Fighting not to turn channel with boxing’s return to TV
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BY NORMAN CHAD
Boxing’s back, baby!
(What’s next, the U.S. Postal Service?)
The Floyd Mayweather-Manny Pacquiao blockbuster is coming up May 2. Independent of that, there is a surge of televised boxing, with NBC, CBS and Spike all on board with Premier Boxing Champions, which encompasses many boxers who are neither “premier” nor “champions.”
Boxing has been in a tailspin for years, much like the newspaper industry and Couch Slouch.
Quick: Name the last time somebody walked up to you in a bar, airport, Bikram yoga class, zoning-commission hearing or Radio Shack and started talking about boxing.
What happened to boxing? It still has the bloody, violent elements America loves. But it’s been eclipsed; some of its potential audience has shifted to MMA, particularly the Ultimate Fighting Championship.
And the Internet — it’s always the Internet — also has diminished boxing’s appeal. Instead of living vicariously through vicious uppercuts and knockdowns in the ring, we now can deliver the hurt ourselves on our mobile devices, on “Mortal Kombat,” “Call of Duty” and the like. First-person shooter games and armed online warfare -— you can destroy entire civilizations with the click of a mouse — dwarf your garden-variety 12-round junior welterweight bout.
So boxing largely faded from the public consciousness and disappeared from network TV, like pay phones on city streets.
Enter Al Haymon, a boxing manager with more than 100 fighters in his fold. His boxing concern will pay NBC at least $20 million annually to buy the time to show fights on the network and its sports cable sibling NBCSN.
(I believe Donald Trump does the same thing with “Celebrity Apprentice,” except his payments to NBC are layaway.)
Haymon picked the right network. NBC prime time has been reduced to “The Voice” and 4,000 iterations of “Law and Order.” NBC’s so desperate, after its plans for a Bill Cosby sitcom revival tumbled, I’m frankly surprised the network didn’t develop a show with all of Cosby’s accusers.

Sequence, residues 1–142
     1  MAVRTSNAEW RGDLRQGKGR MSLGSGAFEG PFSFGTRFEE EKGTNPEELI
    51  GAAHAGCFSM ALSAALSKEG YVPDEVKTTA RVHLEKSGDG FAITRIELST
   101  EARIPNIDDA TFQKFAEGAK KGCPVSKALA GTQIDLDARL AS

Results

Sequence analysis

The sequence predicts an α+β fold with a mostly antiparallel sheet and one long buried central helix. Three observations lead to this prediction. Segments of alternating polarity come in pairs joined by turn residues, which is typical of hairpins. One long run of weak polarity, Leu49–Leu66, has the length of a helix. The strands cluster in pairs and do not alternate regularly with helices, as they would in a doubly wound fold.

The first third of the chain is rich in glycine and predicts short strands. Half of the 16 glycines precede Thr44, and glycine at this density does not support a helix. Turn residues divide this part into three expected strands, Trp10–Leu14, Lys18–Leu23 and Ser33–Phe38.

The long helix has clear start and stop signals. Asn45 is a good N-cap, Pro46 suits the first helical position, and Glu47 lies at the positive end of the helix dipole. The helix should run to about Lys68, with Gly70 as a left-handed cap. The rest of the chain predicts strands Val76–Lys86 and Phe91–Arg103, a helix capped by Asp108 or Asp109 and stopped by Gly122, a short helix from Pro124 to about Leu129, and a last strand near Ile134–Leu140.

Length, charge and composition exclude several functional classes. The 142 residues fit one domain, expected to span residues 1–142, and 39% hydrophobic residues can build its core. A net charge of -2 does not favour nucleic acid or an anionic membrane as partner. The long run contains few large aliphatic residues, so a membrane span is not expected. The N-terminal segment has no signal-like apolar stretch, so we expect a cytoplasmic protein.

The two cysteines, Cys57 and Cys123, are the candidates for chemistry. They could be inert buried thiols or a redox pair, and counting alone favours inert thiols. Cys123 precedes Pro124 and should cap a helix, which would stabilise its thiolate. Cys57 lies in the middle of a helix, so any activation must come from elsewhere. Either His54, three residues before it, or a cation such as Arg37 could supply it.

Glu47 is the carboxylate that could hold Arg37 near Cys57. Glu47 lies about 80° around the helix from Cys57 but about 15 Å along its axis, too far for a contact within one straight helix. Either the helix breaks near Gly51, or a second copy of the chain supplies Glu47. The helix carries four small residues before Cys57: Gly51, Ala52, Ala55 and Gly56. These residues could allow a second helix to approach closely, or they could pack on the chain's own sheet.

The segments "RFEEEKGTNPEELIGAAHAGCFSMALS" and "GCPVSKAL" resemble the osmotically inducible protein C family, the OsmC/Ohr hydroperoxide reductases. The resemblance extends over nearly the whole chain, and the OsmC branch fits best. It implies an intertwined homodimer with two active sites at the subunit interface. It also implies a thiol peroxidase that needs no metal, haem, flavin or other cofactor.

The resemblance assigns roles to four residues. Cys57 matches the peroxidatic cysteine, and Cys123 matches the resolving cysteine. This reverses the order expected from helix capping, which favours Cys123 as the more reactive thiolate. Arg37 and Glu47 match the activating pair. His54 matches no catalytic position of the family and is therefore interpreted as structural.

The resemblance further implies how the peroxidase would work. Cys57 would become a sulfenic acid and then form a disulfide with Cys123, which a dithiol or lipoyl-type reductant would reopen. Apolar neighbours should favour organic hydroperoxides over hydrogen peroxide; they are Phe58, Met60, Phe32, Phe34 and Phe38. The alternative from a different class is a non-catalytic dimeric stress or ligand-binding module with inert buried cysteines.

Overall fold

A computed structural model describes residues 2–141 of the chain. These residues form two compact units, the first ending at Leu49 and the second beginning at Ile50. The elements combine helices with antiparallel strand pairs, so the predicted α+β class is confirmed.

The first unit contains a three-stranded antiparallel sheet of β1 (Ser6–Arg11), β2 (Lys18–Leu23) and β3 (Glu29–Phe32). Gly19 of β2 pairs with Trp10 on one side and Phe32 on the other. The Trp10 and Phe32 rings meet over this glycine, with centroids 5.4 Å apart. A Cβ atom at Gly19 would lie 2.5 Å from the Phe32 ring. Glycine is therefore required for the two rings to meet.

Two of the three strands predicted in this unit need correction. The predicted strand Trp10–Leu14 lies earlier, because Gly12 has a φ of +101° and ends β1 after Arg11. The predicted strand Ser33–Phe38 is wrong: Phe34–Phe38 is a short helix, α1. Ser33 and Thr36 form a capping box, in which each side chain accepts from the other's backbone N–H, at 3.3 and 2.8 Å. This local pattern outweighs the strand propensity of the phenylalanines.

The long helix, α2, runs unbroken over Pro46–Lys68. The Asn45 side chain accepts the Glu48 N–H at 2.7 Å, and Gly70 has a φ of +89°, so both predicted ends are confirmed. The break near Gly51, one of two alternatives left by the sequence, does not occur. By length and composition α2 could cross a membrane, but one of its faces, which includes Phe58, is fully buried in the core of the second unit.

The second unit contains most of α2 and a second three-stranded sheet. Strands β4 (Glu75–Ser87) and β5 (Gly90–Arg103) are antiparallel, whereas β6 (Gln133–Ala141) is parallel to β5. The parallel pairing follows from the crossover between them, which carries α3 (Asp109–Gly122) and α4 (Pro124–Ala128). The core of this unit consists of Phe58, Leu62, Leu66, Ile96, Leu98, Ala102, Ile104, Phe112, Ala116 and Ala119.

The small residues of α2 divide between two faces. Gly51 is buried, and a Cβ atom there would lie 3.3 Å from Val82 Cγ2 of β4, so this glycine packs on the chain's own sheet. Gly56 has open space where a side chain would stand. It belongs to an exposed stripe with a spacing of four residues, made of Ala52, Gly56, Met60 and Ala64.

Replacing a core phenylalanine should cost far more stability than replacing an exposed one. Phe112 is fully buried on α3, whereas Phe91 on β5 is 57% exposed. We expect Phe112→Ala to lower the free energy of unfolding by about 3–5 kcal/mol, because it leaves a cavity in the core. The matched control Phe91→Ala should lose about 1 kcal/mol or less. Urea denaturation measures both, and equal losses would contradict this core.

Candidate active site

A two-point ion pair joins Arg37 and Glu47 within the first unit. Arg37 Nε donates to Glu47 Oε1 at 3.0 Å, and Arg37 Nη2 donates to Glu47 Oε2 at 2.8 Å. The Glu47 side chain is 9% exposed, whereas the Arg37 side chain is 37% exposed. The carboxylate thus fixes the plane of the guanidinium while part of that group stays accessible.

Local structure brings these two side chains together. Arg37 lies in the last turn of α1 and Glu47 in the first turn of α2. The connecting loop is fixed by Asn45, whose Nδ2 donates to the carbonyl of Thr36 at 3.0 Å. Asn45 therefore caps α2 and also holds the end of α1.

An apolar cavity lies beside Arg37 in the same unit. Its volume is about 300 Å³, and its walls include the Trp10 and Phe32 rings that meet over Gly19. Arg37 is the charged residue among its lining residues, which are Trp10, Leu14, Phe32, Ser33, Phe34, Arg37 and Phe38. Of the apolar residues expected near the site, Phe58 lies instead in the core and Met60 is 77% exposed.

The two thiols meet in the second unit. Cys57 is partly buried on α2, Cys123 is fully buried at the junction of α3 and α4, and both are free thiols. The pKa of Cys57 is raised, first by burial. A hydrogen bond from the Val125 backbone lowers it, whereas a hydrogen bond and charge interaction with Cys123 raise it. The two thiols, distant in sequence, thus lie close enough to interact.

For its first prime-time fight card recently in Las Vegas, NBC brought in the big guns — golden oldies Al Michaels, as host; Marv Albert, on play-by-play; and Sugar Ray Leonard as analyst.
(Michaels is the best in the business, but he read his lines off a teleprompter like he was under court order. All things considered, he looked as if he would’ve rather been in Philadelphia hosting an al-Qaeda raffle dinner.)
Albert actually worked NBC’s last prime-time fight 30 years ago, Larry Holmes vs. Carl Williams. And, of course, some of you might recall Albert’s spectacular blow-by-blow radio call of the Gene Tunney-Jack Dempsey bout on Sept. 22, 1927.
NBC had three scheduled fights: Adrien Broner vs. John Molina Jr., Keith Thurman vs. Robert Guerrero and Abner Mares vs. Arturo Santos Reyes.
(Of course you’ve never heard of any of them, they’re boxers.)
Broner-Molina was hyped as all-action, all the time. As it were, I don’t believe either fighter landed a punch in the first round; the crowd had the look of folks waiting for keno results to post.
Heck, I’ve seen several three-minute eggs that were more exciting than these three-minute rounds.
Denzel Washington was ringside, I assume, because he couldn’t get into Michael Mina’s Bardot Brasserie.
The Thurman-Guerrero affair was more compelling, But I still found myself trying to fast-forward midway through each round; alas, I had made the mistake of watching live, disabling my DVR’s vast powers.
Since both fights went the distance, the Mares-Reyes bout got bumped from NBC prime time to NBCSN, which is like going from Paris, France to Paris, Texas.
(My apologies to Paris, Texas — nice small town, but you’re collateral damage here.)
Anyway, I can’t tell you how tempted I was during 2½ hours of “Premier Boxing Champions” to flip over to “Pit Bulls & Parolees” on Animal Planet, but I had a column to write so I stuck with the pugilists over the pugs.
Still, if I were an NBC programmer, I’d show bingo in prime time before I’d show boxing.
Ask The Slouch
Q. Can you explain why so many retired athletes become television commentators but so few of them are willing to enter your profession as a newspaper journalist? (Jim LaBate; Clifton Park, N.Y.)
A. Would you rather sit in makeup all day or try and make something up all day?
Q. Tiger Woods is not playing until his golf game’s “tournament ready.” Did you ever delay a wedding until you were “marriage ready”? (Tom Martella; Washington, D.C.)
A. If I did that, I’d be a bachelor-for-life.
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